Mount Everest, Sagarmatha & the Mount Everest Trekking Route
Mount EverestThe highest summit on earth - Mount Everest, Sagarmatha or Chomolungma - is 8848 m (29,028 ft) high. The route to the foot of Mount Everest became popular following the, now legendary, first ascent of the peak in 1953 by Edmund Hillary from New Zealand and the Sherpa Tensing Norgay. In 1978 Reinhold Messner and Peter Habeler were the first to reach the mountain summit without artificial oxygen.Today approximately 12,000 trekkers a year set out to climb Mount Everest, over half of them belong to an organised trekking group. The complete walk to the foot of Everest takes three weeks but can be made shorter by flying to Lukla.In order to try to stem the flood of people making money from these expeditions, the cost of a trekking permit was drastically increased in 1994 to U.S. $50,000. Sagharmata National Park is also now on the UNESCO list of protected areas.
Mount Everest Trekking Route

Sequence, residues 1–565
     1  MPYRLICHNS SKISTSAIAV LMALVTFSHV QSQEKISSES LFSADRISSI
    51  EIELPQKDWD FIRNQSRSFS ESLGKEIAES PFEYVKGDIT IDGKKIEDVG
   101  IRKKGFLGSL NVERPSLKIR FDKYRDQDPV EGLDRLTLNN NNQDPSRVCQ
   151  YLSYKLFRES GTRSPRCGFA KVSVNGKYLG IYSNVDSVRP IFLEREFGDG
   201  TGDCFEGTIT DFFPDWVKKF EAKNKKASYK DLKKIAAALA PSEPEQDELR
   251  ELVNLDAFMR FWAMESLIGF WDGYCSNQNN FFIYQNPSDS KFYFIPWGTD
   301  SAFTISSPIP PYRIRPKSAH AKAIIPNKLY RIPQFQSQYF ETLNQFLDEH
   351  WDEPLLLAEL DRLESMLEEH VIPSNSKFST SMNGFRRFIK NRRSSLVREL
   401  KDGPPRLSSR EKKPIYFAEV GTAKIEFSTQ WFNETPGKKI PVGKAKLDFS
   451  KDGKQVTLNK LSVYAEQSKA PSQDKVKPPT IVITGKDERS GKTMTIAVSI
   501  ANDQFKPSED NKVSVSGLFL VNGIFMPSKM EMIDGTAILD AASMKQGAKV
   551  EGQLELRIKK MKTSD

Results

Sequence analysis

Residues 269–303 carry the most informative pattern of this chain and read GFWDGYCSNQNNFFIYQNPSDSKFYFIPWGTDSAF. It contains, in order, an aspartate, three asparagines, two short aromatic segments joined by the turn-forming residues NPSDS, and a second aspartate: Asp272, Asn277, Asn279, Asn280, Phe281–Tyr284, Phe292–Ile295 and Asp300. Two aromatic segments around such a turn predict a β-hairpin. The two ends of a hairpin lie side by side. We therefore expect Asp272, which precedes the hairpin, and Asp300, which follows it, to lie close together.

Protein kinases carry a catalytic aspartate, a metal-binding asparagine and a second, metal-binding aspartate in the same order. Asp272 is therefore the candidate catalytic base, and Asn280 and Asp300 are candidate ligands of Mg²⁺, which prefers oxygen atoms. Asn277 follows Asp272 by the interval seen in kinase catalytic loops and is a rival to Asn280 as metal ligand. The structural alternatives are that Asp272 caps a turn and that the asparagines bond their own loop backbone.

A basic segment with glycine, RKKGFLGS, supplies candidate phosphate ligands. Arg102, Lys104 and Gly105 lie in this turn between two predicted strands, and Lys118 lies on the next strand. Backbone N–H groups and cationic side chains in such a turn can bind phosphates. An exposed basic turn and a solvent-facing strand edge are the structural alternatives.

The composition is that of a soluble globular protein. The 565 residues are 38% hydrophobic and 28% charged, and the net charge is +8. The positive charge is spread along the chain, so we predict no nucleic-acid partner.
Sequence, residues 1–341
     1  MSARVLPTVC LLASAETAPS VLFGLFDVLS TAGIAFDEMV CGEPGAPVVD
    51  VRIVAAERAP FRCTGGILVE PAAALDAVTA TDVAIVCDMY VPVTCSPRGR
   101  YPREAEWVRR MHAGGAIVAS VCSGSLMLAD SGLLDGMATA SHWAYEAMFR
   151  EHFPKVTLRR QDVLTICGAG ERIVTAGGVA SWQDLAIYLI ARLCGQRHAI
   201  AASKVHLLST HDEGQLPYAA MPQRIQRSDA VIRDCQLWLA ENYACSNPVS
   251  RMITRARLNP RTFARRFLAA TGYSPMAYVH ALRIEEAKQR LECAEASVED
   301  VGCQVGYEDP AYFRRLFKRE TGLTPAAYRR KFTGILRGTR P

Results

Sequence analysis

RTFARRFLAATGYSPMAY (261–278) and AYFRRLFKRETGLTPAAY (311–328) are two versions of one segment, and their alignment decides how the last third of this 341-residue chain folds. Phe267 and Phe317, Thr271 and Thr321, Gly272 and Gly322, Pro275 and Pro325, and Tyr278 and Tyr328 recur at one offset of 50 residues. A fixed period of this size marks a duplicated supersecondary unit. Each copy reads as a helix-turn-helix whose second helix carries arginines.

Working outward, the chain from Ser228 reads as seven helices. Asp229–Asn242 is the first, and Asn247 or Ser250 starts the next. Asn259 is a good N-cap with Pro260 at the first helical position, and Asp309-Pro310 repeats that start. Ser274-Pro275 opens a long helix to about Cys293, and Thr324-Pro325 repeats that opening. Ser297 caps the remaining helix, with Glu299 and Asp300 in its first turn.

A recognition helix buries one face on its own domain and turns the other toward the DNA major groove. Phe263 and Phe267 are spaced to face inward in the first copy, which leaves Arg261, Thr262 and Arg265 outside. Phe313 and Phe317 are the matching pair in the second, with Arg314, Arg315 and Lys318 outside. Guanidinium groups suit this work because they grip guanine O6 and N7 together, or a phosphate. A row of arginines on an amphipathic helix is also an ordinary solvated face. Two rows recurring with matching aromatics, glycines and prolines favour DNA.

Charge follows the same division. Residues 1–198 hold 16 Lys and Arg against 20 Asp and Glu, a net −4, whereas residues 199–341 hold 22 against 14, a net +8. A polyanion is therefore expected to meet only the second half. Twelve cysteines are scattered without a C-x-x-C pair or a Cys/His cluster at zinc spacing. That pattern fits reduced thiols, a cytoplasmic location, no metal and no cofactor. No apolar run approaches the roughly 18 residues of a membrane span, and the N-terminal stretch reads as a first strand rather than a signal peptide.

Everest RouteThe route first leads through the mountainous countryside of Solu before reaching the higher Khumbu region. Unlike in the Annapurna region it does not follow river valleys but runs vertically. As it is constantly up and down the walk to the base camp actually covers a climb of 9000 m (29,527 ft), so to speak, the total height of Everest above sea level. The route goes through regions with sharply contrasting topography and climates, from the hot Tarai to the glaciers of Khumbu. In between are the Siwalik Hills and the Mahabharat chain with the valley of the Sun Kosi. The walk continues through the Sagarmatha National Park.Equally varied are the people and their cultures. From the Tharu in the Tarai to the Sherpas in Khumbu it passes through settlements of the Hindu castes, the Magar Rai and through Chalsa, a village, inhabited by Tibetan refugees for centuries. Alongside the traditional activities tourism has become big business, with Namche Bazar resembling an Alpine resort more than a Sherpa settlement.The dangers from altitude sickness are particularly acute on the Everest route. It is not simply just a matter of crossing a high pass but involves staying at high altitude for at least a week. Descending to significantly lower-lying regions can therefore be very time consuming.The lower part of the route, which leads through the Solu region, is passable all year round. For Khumbu the season is limited to October/November and March to May. Yet even the monsoon period in Khumbu is attractive with wild flowers in blossom and yaks grazing in the fields. The winters are cold, in regions above Thyangboche it is not possible to get any further from mid-December to mid-February. During the drier winters when there is less snowfall the local guest houses remain open.For the Everest route the Khumbu Himal trekking permit is required. To climb the Imja Tse a summit permit must be obtained from the Nepalese Mountaineering Association (NMA).The starting point for this walk keeps moving in recent years. Nowadays it is possible to travel on the Kodari road via Lamosangu to Jiri. The twelve-hour bus journey is anything but comfortable.In Jiri (1860 m (6102 ft)) there is an airfield with charter flights from Kathmandu. The walk begins by climbing up to a mountain ridge (2400 m (7874 ft)) and dropping down on the other side to Shivalaya (1800 m (5905 ft)). Before the road was built to get to Shivalaya from Lamosangu it was necessary to go via Those.Beyond Shivalaya the path climbs high to Sangbadanda (2150 m (7053 ft)) where the first mani stones are to be found, marking the entrance to the Buddhist region. From here the path gently climbs to Kosaribas (2500 m (8202 ft)) to a pass at 2705 m (8875 ft), beyond which it descends to Bhandar (2200 m (7218 ft)), a typical Sherpa settlement with a gompa and some tourist accommodation.On the stretch between Sangbadanda and Bhandar there is a possible detour to Thodung (3090 m (10,140 ft)). In this small town there is a cheese factory which was built in the 1950s with Swiss development aid.The path to Bhandar leads down to the valley of the Likhu Khola and, after crossing the river, back up to Kenja. There are various ethnic groups living in Kenja with distinctive styles of building. At the entrance to the village are the houses of the lower Hindu castes, the Kami, Sarki, Damai and Sunar, followed by the houses of the Chhetri, the warrior caste, and the mainly Hindu Newar. Gurung and Sherpa houses are amongst them.Beyond Kenja it is a steep, apparently endless climb to a fork: one route leads via Sagar (2440 m (8005 ft)), the other via Sete (2575 m (8448 ft)). Sagar has the best camping facilities, Sete the best accommodation. There is also a detour from Sete to a nearby gompa. From here onwards there are only Sherpa settlements.From Sete or Sagar a long, steady climb follows through rhododendron woods to the Lamjura Pass at an altitude of 3530 m (11,581 ft). Before reaching the pass there is the opportunity to take a rest in Goyem (3300 m (10,827 ft)). The Lamjura Pass is the highest point betwen Jiri and Namche Bazar. In winter there are often snow and cold spells and in spring blossoming rhododendrons. On the other side there is a climb down to Tragdobuk (2860 m (9393 ft)) and then Junbesi (2675 m (8776 ft)), an attractive Sherpa village with a monastery and good accommodation. There are walks in the surrounding area.It is a one and a half hour walk to the monastery of Thupten Choling. Thupten Choling is the successor to the Rongbuk Monastery on the north side of Everest, which was completely destroyed by the Chinese in the Sixties. Tulsi Rimpoche, one of the abbots of the Rongbuk Monastery, supervised the reconstruction in this secluded location. It was he who introduced the famous Mani Rimdu dances to Solu and Khumbu, carrying on the tradition from Ronbuk. The monastery is home to 150 monks and many nuns, who live in the small cells around the gompa. The Sherpas come here regularly for the puja.The Chiwong gompa is situated in the south-east of Junbesi, on a high cliff above Phaplu. The Mani Rimdu dances are performed here about one month after the famous Tengboche dances.North of the Junbesi valley towers the white dome of the Numbur (6959 m (22,831 ft)). The Sherpas call it Shorong Yul Lha, guardian of Solu. In this region is the place of pilgrimage Dudh Kund, the Milk Lake (4537 m (14,885 ft)). Hindus come here from India to stick their tridents into the ground whilst the Sherpas hold their grandiose pujas. A tent, provisions and a local guide are necessary for this delightful detour. The lake lies at the foot of the Numbur glacier from where there are spectacular views of the steep icy slopes of the Numbur and the Karyolung. The return journey ends in Ringmo.First it is uphill to the Sallung ridge (3080 m (10,104 ft)) from where the first breathtaking view of Sagarmatha (Mount Everest) can be seen. Next the route leads through Sallung (2980 m (9777 ft)) into the valley of the Ringmo Khola (2650 m (8694 ft)). This is the last opportunity to take a bath in the river as the water of the Dudh Kosi is too cold by far.The village of Ringmo is surrounded by apple orchards; consequently apple turnovers, apple juice and apple pies are plentiful. From here a new road, built in the 1980s, goes to Namche Bazar avoiding the many inclines of the old routes. Fortified in Ringmo the traveller can tackle the short climb to the Trakshindo Pass (3071 m (10,075 ft)). On the other side just beyond the pass is a small monastery where a community of 40 to 50 monks and nuns live. A small guest house adjoins the monastery which is somewhat dilapidated but enjoys marvellous views. Most trekkers rest in the small cheese factory on a side path before the pass, having heard of its reputation for homemade delicacies such as cheese, yoghurt, bread and cake.On the other side the walker passes through a small wooded area on the way down to Nuntala/Manidingma (2320 m (7610 ft)) and then continues on to Solu in the Dudh Kosi valley (1500 m (4920 ft)) and over to the far river bank. The section of the route from here onwards is quite a long climb which it is best to tackle before the full heat of the midday sun.On the opposite bank of the Dudh Kosi is Jubin/Dorabuk (1680 m (5512 ft)), a settlement of the Rai from eastern Nepal. With their elegant facial features these people are quite different from the Sherpas. Instead of the usual yaks they have black pigs roaming about among their houses. Mandarin oranges, bananas and rice are cultivated.One hour's walking further on Khari Khola (2070 m (6791 ft)) presents the typical picture of a Sherpa mountain village. The walk on the old route along the Dudh Kosi used to necessitate a rest in the Basar town of Khari Khola. Experience shows that bearers or leaders want to stay here even if Bupsa can be reached in the same day. In Khari Khola Pharak begins, a border zone between Solu and Khumbu, which runs along the narrow gorge of the Dudh Kosi.From Khari Khola the path descends to Bupsa/Bumshing (2300 m (7546 ft)) only to climb up to more mountain ridges. From here the Dudh Kosi can be seen 1000 metres below. On the other side of the ridge (2900 m (9515 ft)) is the village of Puiyan (2730 m (8957 ft)), situated in a side gorge of the Dudh Kosi. After the next incline the path falls again to Surke/Buwa (2293 m (7522 ft)), a village by the river which has superior overnight accommodation to Puiyan. Shortly after Surke and in Chaurikharka (2680 m (8793 ft)) the fork to Lukla meets the main route.The fork to Lukla, which has an airfield, joins the main route at Chaurikharka (2680 m (8792 ft)). The airfield at Lukla lies at an altitude of 2850 m (9350 ft) and was laid out by Edmund Hillary in 1964. Together with this project and others he also initiated the building of some schools. In so doing he wanted to show the Sherpas, his true friends and companions, gratitude and respect. With the building of the airfield the old Lukla times were over ("luk la" 5 place of sheep), nowadays up to nine planes a day land here in the main season, from the end of June to the beginning of September when flights are discontinued. Near the monastery there is the small Thankga school of painting (pictures for sale) which is supported by a German charity.The flight into the mountains from Khumbu is a unique experience which also saves the week-long journey from Jari. However, those trekkers who fly in are more likely to suffer from altitude sickness than those who have become acclimatised by the lengthy climb. For this reason it is recommended to make the return journey to Kathmandu by air rather than the outward journey. The result is a long waiting period in Lukla for which the hotels and restaurants are well prepared. The wait can be made shorter by making short day trips into the surrounding area. Among these are the steep path over the Kaalo Himal or a walk to the main route to Surke. The Saturday bazaar is as good as the one in Namche Bazar.From Lukla it is a two day trek to Namche Bazar. Most trekkers break the journey halfway and stay overnight in Phadking (2650 m (8694 ft)), which is a short climb beyond Ghat (2550 m (8366 ft)). From Phadking it passes Benkar (2700 m (8858 ft)) and Chomoa where a Japanese owner runs the Hatago Lodge. Beyond Monjo the route leads down to cross the Dudh Kosi and climb up again to Jorsale (2850 m (9350 ft)). In Jorsale there is a control post where the entrance money for the Sagarmatha National Park is collected. Between Jorsale and Namche Bazar (3440 m (11,290 ft)) there is a long, steep incline.Namche Bazar (3440 m (1128 ft)) is the modern centre of the Khumbu region with shops, restaurants and hotels, a bank and the control checkpoint. The buildings are in a horse-shoe shape, an amphitheatre with the spectacular backdrop of the Lumding Himal, and with Tramserku and Kangtega towering above the mountain ridge.The hydro-electric power produces not only light but also hot water, a very special luxury. The Sagarmatha National Park visitor centre is situated in Namche Bazar on a hill in the east of the town. Namche Bazar comes to life with the Saturday market. To some people the town may seem over commercialised, resembling an Alpine resort more than a Sherpa settlement. Yet its unique situation and numerous places to stay are ideally suited for the obligatory rest to acclimatise. From Namche Bazar there are four valleys which can be explored; bearing in mind the long walk there this opportunity should not be overlooked.In Namche Bazar experiences and information about the next stage of the walk can be exchanged.After staying in the more westernised town of Namche Bazar the villages of Khumjung and Khunde make a welcome change. Here tourism has hardly changed the life of the Sherpas. It is possible to find accommodation with a family and take the opportunity to sample the Sherpa speciality, Riki Kur. It is a type of potato fritter enriched with yak butter. Both villages are only a few hours from Namche Bazar, at the foot of the sacred mountain, Khumbi-la.The route here passes the Everest View Hotel. At 3870 m (12,696 ft) it is not just the location which is high, the prices are also somewhat steep. Customers usually fly here direct to the nearby airfield at Syanboche. Yet this is very risky as the difference in altitude is much greater and covered even faster than on the flight to Lukla. A Gamow cabin with pressure balance is provided for serious cases. There is an admission charge to visit the hotel rooms but the view of the surroundings is free.En route to Kala Pattar and the Everest base camp is the Thyangboche Gompa. It can be reached directly from Namche Bazar or via Khumjung and Khunde after a day's walk through a wooded area where pheasants can be found.The monastery dominated by the gompa with its prayer flags and mani stones is on a mountain ridge, surrounded by the high peaks of the Himalayas. The monastery was founded in 1912 as a meditation centre and has since become a popular tourist attraction. Every autumn the famous Mani Rimdu dances are performed here which document the victory of Buddhism over the old Bon religion. This attracts many hundreds of tourists and Sherpas. This tradition of dances only goes back as far as 1942. During the 1970s the number of monks declined sharply not least because of the increase in tourism. Today there are over 40 members of this community. Thyangboche owes its status as a religious centre of the Khumbu region not least to its leader Thyangboche Rinpoche who rendered outstanding services to the foundation of a monastery school and the Sherpa cultural centre.In 1988 a hydro-electric power station was opened, financed by the U.S. Himalayan Foundation. Just nine months later a huge fire broke out which destroyed the monastery and 80 per cent of the works of art, including irreplaceable articles from Tibet such as handwritten manuscripts, costumes, religious symbols and, of course, wall paintings of the interior rooms. The fire was caused by an unguarded heater. Sponsors led by Sir Edmund Hillary financed the rebuilding of a new, bigger gompa.Beyond Thyangboche the path descends to Devuche and crosses the Imja Khola via a rather hair-raising bridge. It climbs through juniper and rhododendron woods to Pangboche (3860 m (12,664 ft)).The monastery, chorten, prayer walls, mani stones and prayer flags are indicative of the religious conviction of the villagers. Pangboche began as a monastic settlement founded by the Lama Sanga Dorje. It was this "national saint" from Khumbu who spread Buddhism throughout the region. He has since become a legend: in Pangboche his foot and handprints can be seen, the juniper grove grew out of his hair and a rocky ledge was turned into a shelter. Together with a statue of the guru Rinpoche and Tsepame the gompa also contains two portraits of the Lama of Pangboche. Among the religious objects in the monastery there were what were supposed to be the Yeti scalp and a Yeti hand. These were stolen in the early 1990s and never recovered. Some 200 metres above the village there are six hermitages below the summit of Tawoche, the guardian deity of Pangboche.Past Pangboche is Periche (4240 m (13,910 ft)). There is a HRA hospital (HRA 5 Himalayan Rescue Association), where information about altitude sickness is given in the afternoons, and plenty of good accommodation is available. A rest day in Periche is advisable. From here there is a one-day excursion to the Nangkartshang gompa with views of Makalu. The route to Chukhung is described below.The main route continues through meadows to Phalang Karpa (4340 m (14,328 ft)) and then climbs to Duglha (4620 m (15,157 ft)). It then follows part of the terminal moraine of the Khumbu glacier. On the crest there are several small chortens, erected in memory of Sherpas gone missing or killed.Next is Lobuje (4930 m (16,174 ft)), then a path between the mountain slope and the moraine of the Changri glacier. A path marked by stones crosses the glacier and on the other side lies Gorak Shep (5160 m (16,929 ft)).Beyond this towers Kala Pattar (5545 m (18,192 ft)), the Black Rock, which has a spectacular view of the Everest massif with the Changri glacier in the foreground. The panorama from here takes in Pumori (7161 m (23,494 ft)), Lingtren, Zangtze (7580 m (2487 ft)) in Tibet, Sagarmatha (Mount Everest; 8848 m (29,029 ft)) and Nuptse (7885 m (25,869 ft)).From Gorak Shep it takes four hours to reach the Everest base camp (5456 m (17,900 ft)). Yet apart from the expedition tents and the rubbish dump there is nothing impressive here; the view of Everest is blocked.The route passes the dangerous Khumbu icefall - the scene of many fatal accidents mostly involving badly equipped Sherpas. From Gorak Shep it is advisable to climb down as far as possible.There is a detour from Periche to Chukhung through the almost unspoilt valley of the Imra Khola at the foot of the Imja Tse (6189 m (20,305 ft)), which can be climbed with the necessary equipment and experience. From Periche the route crosses the ridge east of the settlement to Dingboche. From here it continues along the steep-walled gorge of the Imja Khola. Soon the Amadablam comes into view in the south and a few hours later Chukung (4734 m (15,531 ft)) is reached. Good accommodation and fine views of the Lhotse Nuptse and Imja Tse provide for a day's rest here. There are walks from here to the Amadablam base camp or to the Chukhung Ri (5043 m (16,545 ft)) in the north.Following the valley the path comes to the foot of the Imja Tse (6189 m (20,305 ft)), one of the most popular trekking summits in Nepal. High Alpine clothing and equipment are essential for this climb as is permission from the Nepal Mountaineering Association (NMA). The glacier scenery between Lotse and Amadablang and the panoramic view from the summit are remarkable. In the background the high Amphu Laptsa towers, from where the route descends to the unspoilt Hunku valley.An alternative to the Kala Pattar is the walk to Gokyo. This route is not remotely as famous as the one to the Everest base camp and therefore not frequented so often. Yet many trekkers, who have seen both Kala Pattar and Gokyo, prefer the alternative route.From Namche Bazar it climbs up high to a small pass beyond which is the Khumjung. It leaves the village in a north-easterly direction on steep rock steps to the chorten at Mong and then descends into the Dudh Kosi Valley. There are two alternatives in the valley; the route on the west side of the valley offers more accommodation along the way.First comes Dole (4040 m (13,254 ft)), followed by a moraine hill with a view of the Cho Oyu (8217 m (26,958 ft)). A day to acclimatise in Pangka is recommended. Beyond Pangka the path skirts a brook, rock faces and moranic debris until it reaches three small lakes. The shepherd settlement of Gokyo lies by the third lake where there is some accommodation available. A small peak (5483 m (17,988 ft)) to the north-west can be scaled for a view of the Cho Oyu base camp. From Gokyo it is a direct route via Cho La (5417 m (17,772 ft)) to the Kala Pattar and vice versa. For this journey a tent, provisions for four days and a guide or at least a good map are required. It cannot be undertaken in deep snow.The three to four hour walk to Thame is by far the simplest tour from Namche Bazar. It leads into lower and therefore warmer areas than the routes to Kala Pattar and Gokyo. The view is accordingly less spectacular. The route passes the crest beyond Namche Bazar on the west side and follows the Nangpo Tsangpa valley. Above Mende is a gompa with a meditation centre, a branch of the Himalaya Yoga centre in Kathmandu. Here the route crosses the river and climbs steeply to Thame (3780 m (12,401 ft)), the home of Tensing Norgay, the companion of Edmund Hillary. The gompa in Thame presides over the village from a cliff with a view of the Kongde Ri waterfalls. When there is a full moon in May the Mani Rimdu dances take place in this idyllic spot. In the west the Thame river rises on the slopes of the Trashi Laptsa pass (5749 m (18,861 ft)). Beyond is the Rolwaling valley which is closed to tourists. It is two days' walking north to the Nangpa La, the pass to Tibet through which hundreds of Tibetans fled each year. It also is closed to tourists.